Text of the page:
3. Contact David Rausch who is the Director of the TBI. His official state email and direct office number is not listed on the TBI website – but call the main line and ask to speak with him at 615 744-4000. If you can’t get him, call the person who appointed him – Bill Lee. Governor’s Lee’s email is not on the state website but his office number is – 615 741-2001.
4) Show up for the joint GOA/TFA 2nd Amendment rally and lobby day on March 16, 2022.
4 thoughts on “Why Is The TBI Opposing Your 2nd Amendment Rights?”
It’s illegal to posses such firearms unless you jump through the hoops. So how do they know the I jumped through the hoops. They presume I am guilty first. They just want a reason to lock you up.
Politicians and the TBI and other Law agency beauracrats always looking for a problem where there is none. Nothing more is to limit or do away with the 2nd, Amendment rights and collect taxes on ownership?
The legality of a particular weapon is not the issue here. The issue is whether taxpayer funded agencies and organizations should be voicing opinions that affect the decisions of the legislature. Since such agencies and organizations are set up for the purpose of carrying out the decisions of the legislature, why should they have the taxpayer-paid privilege of expressing an opinion when citizens and citizen groups have to pay out-of-pocket to make their opinions known? Given this privilege, legislative sub- committees and committees will hear an abundance of “free” testimony and not a lot of “paid” testimony. It isn’t a case of which dogs bark the loudest, it’s a case of not all dogs get to be heard.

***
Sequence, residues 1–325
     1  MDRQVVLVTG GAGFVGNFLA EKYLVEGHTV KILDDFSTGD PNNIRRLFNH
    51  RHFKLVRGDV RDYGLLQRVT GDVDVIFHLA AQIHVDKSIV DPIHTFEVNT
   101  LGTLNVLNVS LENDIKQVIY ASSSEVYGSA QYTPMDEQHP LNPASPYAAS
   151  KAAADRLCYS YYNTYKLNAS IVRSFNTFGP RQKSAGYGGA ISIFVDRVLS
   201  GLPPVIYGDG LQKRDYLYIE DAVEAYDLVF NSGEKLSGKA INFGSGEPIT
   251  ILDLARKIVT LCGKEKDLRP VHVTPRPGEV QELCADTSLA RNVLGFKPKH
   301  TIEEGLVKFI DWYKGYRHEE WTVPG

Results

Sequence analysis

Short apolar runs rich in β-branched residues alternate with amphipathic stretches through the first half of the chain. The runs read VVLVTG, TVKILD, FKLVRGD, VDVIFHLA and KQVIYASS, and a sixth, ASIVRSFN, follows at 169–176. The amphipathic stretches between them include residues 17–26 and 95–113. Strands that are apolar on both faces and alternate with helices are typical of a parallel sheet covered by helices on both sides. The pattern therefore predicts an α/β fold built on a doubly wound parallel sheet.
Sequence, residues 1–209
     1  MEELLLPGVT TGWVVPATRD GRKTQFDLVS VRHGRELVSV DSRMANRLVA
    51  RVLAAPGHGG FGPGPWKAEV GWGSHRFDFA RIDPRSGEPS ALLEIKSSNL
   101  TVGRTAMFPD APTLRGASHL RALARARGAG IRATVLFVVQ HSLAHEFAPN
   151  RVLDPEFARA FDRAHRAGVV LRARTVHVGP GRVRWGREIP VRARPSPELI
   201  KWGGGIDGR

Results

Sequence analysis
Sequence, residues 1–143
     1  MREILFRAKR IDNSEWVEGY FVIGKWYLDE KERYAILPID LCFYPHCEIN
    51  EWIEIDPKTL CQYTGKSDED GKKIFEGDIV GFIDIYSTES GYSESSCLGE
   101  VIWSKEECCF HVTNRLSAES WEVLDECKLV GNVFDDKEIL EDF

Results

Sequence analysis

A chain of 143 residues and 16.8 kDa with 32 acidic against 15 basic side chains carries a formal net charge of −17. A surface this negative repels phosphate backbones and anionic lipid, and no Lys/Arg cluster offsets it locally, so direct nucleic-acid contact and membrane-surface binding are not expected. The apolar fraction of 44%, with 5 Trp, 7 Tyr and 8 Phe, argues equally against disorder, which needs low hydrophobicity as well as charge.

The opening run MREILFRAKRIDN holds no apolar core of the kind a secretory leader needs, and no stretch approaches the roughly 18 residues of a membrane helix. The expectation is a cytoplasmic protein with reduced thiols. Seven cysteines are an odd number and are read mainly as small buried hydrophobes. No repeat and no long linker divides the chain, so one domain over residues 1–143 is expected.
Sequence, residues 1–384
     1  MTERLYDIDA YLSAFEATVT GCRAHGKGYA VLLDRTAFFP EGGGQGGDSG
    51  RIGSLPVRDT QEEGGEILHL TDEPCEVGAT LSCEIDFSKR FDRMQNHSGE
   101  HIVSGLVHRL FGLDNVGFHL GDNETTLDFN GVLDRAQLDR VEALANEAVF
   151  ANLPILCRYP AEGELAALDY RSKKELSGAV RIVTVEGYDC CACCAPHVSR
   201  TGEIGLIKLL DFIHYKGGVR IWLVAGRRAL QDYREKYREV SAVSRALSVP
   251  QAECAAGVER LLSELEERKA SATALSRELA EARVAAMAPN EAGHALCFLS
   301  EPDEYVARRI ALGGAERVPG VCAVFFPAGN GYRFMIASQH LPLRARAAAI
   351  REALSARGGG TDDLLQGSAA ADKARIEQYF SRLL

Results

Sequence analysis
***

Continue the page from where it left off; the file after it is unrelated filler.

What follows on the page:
This has NOTHING TO DO WITH THE TBI
their opinion is not warranted here nor welcomed. This is a legislator bill to pass. These beauracrats
are appointed according to their political leanings. Most appointed people in office weather city,county,
state are placed according to political leanings. This is why the communist don’t want a CONSTITUTIONAL CARRY IN THIS STATE. SO WE CAN DEFEND OURSELVES AGAINST THEM.